Radio Camelot: Arthurian Legends on the BBC, 1922-2005 (Arthurian Studies) by Roger Simpson

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`The writer argues persuasively that the treatment of Arthurian themes on radio was a significant contribution to the development of the "Matter of Britain" in the twentieth century... impressively comprehensive, covering music, readings, features, and drama.... He unearths a great deal of information that will be of interest not only to Arthurian scholars, but also to students of radio and the history of broadcasting... An extremely valuable and entertaining record of twentieth-century Arthurian work'. NIGEL BRYANT 

Radio has been an important medium for the recreation of the Arthurian legend, reshaping the Matter of Britain in response to changing social and cultural contexts through adapting the traditional material and developing new genres. This pioneering study, drawing on unpublished sources in the BBC Written Archives, uncovers a wealth of material that greatly expands the Arthurian canon. It is both a lively but authoritative record, and critical evaluation, of broadcast music, drama, literature (from medieval to modern), and documentary feature programmes.In particular, the author provides a full account of the growth of Arthurian radio drama, which evolved from D. G. Bridson's patriotic pre-war King Arthur, via fascinations with the Holy Grail and the Lady of Shalott, to its flowering in the 1990s with Kevin Crossley-Holland's Arthur's Knight. Along the way he traces Tolkien's and T. H. White's involvement with the BBC, and reveals radio's role in widening access to the Arthurian operas of Purcell and Wagner. The text is complemented by contemporary illustrations from the Radio Times.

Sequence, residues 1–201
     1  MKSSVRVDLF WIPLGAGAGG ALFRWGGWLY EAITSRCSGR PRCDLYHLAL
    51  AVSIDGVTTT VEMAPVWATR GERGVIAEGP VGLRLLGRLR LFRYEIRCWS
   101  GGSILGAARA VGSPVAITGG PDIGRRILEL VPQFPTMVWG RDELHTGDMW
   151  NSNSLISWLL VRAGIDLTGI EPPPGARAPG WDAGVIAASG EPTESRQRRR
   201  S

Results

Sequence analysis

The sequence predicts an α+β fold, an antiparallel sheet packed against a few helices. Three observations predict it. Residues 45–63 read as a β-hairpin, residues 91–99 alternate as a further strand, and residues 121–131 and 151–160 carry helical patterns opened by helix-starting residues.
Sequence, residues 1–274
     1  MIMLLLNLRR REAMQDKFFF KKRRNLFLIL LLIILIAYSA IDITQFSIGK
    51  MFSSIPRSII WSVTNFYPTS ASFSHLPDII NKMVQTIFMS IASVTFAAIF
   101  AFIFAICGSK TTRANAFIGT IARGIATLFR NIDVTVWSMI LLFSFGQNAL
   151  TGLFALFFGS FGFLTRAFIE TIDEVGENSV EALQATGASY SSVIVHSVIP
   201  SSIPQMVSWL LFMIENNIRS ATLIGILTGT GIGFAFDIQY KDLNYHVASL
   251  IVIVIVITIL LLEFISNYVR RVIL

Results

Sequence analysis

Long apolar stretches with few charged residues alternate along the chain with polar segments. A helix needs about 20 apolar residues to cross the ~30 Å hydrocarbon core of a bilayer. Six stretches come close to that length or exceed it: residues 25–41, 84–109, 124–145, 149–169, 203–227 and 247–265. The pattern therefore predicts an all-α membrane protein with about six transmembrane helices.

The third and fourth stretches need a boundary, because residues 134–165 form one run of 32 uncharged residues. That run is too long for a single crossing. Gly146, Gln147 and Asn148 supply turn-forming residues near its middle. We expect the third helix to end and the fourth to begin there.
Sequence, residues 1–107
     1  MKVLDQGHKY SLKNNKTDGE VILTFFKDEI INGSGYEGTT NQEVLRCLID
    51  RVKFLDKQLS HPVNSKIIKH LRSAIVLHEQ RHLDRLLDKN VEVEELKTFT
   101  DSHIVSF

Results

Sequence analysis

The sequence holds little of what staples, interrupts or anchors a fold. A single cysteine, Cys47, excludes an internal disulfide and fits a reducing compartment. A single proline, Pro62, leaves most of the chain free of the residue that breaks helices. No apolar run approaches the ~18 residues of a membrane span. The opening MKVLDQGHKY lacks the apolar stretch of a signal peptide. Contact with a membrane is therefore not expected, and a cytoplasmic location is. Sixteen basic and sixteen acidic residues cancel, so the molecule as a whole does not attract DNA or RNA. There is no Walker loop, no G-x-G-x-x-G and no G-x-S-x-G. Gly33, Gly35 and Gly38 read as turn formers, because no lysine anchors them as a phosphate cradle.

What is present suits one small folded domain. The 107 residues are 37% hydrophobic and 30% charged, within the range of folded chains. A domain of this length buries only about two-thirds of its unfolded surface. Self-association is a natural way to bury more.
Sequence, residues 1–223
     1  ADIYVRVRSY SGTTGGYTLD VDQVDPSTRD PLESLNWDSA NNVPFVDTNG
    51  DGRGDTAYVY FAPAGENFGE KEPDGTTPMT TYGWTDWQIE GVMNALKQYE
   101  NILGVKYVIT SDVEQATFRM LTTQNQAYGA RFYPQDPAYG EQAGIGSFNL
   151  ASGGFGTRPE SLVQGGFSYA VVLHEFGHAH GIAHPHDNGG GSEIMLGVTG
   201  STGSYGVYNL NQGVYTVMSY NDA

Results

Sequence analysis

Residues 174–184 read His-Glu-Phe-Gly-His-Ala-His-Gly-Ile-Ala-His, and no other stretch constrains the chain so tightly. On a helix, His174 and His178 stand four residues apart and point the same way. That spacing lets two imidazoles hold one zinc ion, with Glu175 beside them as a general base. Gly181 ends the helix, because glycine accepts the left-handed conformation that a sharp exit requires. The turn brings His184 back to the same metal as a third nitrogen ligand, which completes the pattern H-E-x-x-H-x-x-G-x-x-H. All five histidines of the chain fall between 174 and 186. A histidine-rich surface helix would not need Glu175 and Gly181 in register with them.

ROGER SIMPSON, who previously taught English and British Studies at the University of East Anglia, is the author of Camelot Regained and numerous articles about the Arthurian Revival.





Date published



Hardback with dust jacket